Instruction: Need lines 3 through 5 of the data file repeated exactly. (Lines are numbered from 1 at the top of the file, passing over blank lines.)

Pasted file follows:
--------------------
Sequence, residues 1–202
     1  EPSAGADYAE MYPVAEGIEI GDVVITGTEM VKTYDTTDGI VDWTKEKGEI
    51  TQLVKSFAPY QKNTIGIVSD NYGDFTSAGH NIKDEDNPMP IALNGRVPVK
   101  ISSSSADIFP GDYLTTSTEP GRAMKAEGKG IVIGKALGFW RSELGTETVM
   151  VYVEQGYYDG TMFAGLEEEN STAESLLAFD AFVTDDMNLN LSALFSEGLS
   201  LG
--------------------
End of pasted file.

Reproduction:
    51  TQLVKSFAPY QKNTIGIVSD NYGDFTSAGH NIKDEDNPMP IALNGRVPVK
   101  ISSSSADIFP GDYLTTSTEP GRAMKAEGKG IVIGKALGFW RSELGTETVM
   151  VYVEQGYYDG TMFAGLEEEN STAESLLAFD AFVTDDMNLN LSALFSEGLS